Joining the battle for the Browser

Welcome back and Happy New year everyone.  I missed my blogging efforts over the holidays so here is the first release of 2010.

It was 1997 and I had been in my job as a channel sales rep for about 6 months when I was offered an interesting opportunity. My direct boss was Cindy Ranz, who was employee number 16 at Microsoft. but it was her peer Jeff Browne who would offer me up a chance to join an incubation team of telesales reps.   A group known as the Internet Customer Unit (ICU) had been formed about a year earlier and was led by Cameron Myrvold (brother of the founder of Microsoft research Nathan).  As was noted at the MGX in Montreal all things were focused on competing against Netscape.  The issue around the internet was Microsoft really did not know a whole lot about the makeup of the internet community.  One thing that was apparent was that everyone and their mother could start their own Internet Service Provider (ISP) business.  The decision was made by ICU to purchase a list of ISP’s for the US and Canada and have a small group of Telesales reps call down on them and basically find out what makes them tick.  I was one of the reps selected.  It would launch one of the funnest times I ever had in my career.

The team that was selected would reunite me with two of my former teammates from my days in DST; Steve Bissell and Ken Fiore.  Our manager was a bright young woman named Greta George. We were given lists of ISP’s, broken out by region – I had Central and Canada.  Ken had the East and Steve got the West.  There were many ISP’s, I think my list was over 1000.  Like any new industry there were a lot of start-ups. Beyond calling down on these ISP’s and doing intelligence gathering  we had products to promote and sell.  For the browser we had the Internet Explorer Administration Kit (IEAK) and the Microsoft Commercial Internet System (MCIS).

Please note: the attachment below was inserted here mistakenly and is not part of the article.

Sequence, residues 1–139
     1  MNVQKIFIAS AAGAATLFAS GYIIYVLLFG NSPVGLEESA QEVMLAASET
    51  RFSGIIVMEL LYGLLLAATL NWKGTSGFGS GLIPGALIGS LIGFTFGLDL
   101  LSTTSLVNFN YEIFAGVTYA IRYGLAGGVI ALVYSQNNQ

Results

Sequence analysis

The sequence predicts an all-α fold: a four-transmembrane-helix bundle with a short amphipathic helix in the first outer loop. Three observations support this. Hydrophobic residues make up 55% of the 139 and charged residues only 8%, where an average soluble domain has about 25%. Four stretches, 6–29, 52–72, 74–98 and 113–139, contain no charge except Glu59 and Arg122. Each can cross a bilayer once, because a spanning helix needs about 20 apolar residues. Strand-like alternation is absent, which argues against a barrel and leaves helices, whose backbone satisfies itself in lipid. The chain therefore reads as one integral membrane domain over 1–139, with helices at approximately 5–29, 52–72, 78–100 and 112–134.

The IEAK was a pretty simple tool.  Microsoft had decided with its browser that we would allow ISP’s to customize the browser with really just two things:

  1. The ISP could set the start-up page (Netscape defaulted to their website)
  2. The ISP could put their logo in the browser

The MCIS product was a suite of 8 different server products.  I am going to forgo a detailed description of what they did but simply say that the problem Microsoft had at the time with our server products is that none were designed withe the internet in mind.  One product in the suite was an Internet Mail server, the reason we had this product in MCIS was simple.  Microsoft’s Exchange Server could not scale to support the internet nor was it architected to support the internet.  I think the previous point highlights a significant challenge then and moving forward for a company the size of Microsoft. When change happens in technology it happens quickly and companies are faced with a challenge to start with a new product or try to nut and bolt together what you already have.